Some food has a higher nutritional content than other food. Some food is produced more ethically than other food. Neither of these facts can be disputed.
What is up for debate is how helpful it is for you psychologically and emotionally to label food as “good” or “bad”, “healthy” or “unhealthy”.
If you consider one food more off-limits or “naughty” than another, which one are you most likely to reach for when you’ve had a bad day? Or when you need a pick-me-up? Or when you want to treat yourself?
Put it another way: we don’t binge on broccoli.
If you stop labelling food as good or bad, you give yourself the chance to get out of your head and into your body. You’re more likely to hear the information your body is trying to give you such as “I’m hungry for this particular food”, “that food doesn’t agree with me”, “I’ve had enough” or “that’s too much”.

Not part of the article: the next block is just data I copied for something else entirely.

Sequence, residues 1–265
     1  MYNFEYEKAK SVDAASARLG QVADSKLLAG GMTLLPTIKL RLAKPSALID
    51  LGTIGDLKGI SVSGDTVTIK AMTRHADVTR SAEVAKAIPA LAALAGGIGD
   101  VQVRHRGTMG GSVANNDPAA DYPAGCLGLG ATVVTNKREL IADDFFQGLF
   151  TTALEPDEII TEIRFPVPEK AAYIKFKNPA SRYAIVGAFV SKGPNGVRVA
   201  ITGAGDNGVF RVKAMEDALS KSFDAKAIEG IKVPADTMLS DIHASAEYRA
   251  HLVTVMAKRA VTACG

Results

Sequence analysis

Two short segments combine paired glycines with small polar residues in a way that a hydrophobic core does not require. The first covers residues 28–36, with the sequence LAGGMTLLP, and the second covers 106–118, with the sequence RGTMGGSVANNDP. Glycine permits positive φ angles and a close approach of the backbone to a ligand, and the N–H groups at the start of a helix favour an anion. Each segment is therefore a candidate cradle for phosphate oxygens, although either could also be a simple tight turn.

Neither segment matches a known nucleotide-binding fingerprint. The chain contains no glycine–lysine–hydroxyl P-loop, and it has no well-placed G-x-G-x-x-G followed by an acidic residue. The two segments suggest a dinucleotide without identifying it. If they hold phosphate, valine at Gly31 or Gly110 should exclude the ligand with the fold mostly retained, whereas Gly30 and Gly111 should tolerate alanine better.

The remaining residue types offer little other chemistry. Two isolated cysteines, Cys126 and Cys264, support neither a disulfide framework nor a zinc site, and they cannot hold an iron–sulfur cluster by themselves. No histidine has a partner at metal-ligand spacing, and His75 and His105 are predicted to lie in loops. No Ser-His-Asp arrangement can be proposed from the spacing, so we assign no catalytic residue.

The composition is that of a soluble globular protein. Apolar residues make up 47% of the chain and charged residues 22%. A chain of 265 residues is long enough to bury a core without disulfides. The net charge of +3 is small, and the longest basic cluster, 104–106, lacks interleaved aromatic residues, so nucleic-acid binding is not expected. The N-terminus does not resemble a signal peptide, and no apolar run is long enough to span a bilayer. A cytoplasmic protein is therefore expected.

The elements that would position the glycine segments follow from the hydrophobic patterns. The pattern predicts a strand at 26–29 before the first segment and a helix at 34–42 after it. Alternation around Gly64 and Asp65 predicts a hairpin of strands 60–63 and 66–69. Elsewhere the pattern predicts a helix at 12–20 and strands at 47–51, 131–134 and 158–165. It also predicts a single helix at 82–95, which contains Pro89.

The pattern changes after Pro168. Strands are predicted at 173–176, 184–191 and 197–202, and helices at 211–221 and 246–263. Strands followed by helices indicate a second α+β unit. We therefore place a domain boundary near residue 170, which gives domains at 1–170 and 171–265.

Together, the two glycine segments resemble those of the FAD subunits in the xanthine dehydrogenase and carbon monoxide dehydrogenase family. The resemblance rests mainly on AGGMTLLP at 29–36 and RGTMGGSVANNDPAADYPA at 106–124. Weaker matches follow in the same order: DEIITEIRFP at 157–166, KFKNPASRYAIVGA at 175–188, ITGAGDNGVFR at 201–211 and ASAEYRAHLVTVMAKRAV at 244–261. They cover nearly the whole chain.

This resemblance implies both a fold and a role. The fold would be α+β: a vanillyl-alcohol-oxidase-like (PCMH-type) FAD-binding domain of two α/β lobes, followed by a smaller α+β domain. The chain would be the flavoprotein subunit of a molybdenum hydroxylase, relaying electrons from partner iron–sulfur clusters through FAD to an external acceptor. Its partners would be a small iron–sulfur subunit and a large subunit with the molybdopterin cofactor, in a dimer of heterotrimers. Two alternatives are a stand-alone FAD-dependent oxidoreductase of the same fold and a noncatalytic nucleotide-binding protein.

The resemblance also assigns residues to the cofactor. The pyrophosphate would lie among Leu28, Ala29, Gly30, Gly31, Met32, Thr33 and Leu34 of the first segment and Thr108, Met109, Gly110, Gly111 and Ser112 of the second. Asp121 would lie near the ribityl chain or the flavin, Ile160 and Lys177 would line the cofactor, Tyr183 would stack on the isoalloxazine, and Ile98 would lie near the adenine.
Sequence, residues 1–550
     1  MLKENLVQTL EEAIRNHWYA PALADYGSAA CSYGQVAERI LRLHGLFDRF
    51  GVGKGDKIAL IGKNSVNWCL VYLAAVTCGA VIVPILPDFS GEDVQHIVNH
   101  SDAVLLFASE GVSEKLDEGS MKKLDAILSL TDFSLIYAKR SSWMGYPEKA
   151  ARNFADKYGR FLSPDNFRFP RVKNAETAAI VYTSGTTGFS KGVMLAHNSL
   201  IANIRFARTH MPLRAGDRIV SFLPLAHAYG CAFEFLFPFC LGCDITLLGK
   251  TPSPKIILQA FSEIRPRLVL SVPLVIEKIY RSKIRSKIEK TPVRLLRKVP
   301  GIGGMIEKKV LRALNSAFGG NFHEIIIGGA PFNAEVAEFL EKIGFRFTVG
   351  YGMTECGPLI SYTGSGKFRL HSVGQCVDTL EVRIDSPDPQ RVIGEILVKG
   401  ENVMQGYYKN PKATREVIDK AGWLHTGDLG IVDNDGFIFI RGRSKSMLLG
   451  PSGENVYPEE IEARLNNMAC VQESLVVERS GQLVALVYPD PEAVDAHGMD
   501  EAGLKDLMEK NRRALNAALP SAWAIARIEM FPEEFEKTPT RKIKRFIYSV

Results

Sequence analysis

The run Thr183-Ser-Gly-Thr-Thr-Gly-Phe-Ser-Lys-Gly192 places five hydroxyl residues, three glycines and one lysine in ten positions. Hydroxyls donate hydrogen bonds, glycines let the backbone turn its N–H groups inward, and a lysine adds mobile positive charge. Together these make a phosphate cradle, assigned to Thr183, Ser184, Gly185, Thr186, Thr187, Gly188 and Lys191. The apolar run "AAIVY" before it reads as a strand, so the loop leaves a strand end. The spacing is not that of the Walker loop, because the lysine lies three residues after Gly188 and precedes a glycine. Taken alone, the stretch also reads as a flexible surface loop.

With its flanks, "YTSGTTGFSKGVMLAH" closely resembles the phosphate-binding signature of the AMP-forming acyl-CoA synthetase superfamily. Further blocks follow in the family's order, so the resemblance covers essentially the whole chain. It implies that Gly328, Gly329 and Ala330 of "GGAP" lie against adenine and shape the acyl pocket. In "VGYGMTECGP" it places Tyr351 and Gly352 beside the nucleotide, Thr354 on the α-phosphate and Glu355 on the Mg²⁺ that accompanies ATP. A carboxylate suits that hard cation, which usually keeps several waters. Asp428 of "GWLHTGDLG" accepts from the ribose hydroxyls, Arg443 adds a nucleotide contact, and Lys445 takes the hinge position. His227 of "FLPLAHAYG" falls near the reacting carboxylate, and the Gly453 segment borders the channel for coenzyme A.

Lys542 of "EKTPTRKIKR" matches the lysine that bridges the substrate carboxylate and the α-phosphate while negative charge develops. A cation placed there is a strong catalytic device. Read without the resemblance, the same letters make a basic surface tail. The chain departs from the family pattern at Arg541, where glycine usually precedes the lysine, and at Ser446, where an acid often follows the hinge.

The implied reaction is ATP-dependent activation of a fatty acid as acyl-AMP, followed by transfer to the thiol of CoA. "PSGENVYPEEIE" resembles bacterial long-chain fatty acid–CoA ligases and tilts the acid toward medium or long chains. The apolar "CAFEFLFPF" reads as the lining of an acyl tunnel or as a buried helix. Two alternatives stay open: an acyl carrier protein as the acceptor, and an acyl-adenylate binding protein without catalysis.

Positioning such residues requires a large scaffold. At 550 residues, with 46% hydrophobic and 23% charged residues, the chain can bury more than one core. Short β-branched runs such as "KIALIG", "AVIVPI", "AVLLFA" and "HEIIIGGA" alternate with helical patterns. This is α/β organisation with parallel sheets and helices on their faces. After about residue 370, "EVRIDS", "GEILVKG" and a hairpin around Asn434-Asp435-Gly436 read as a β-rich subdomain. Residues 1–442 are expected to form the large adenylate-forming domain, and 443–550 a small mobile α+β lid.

It’s hard to have that relationship with your body when your head is a muddle of rules and regulations.
But if you stop judging food, it becomes just that – food. All that matters then is whether you truly feel like it or not, whether it will satisfy you or if there’s something else you need.
If you do one thing this year, perhaps you could commit to changing the way you talk about food and yourself. Food is not good or bad and neither are you because of what you eat.
If you really want to make peace with food, losing the labels would be a great start.
©️ Julie de Rohan 2019.
For a reminder about changing how you relate to food, you can read “How Do You Heal Your Relationship with Food?”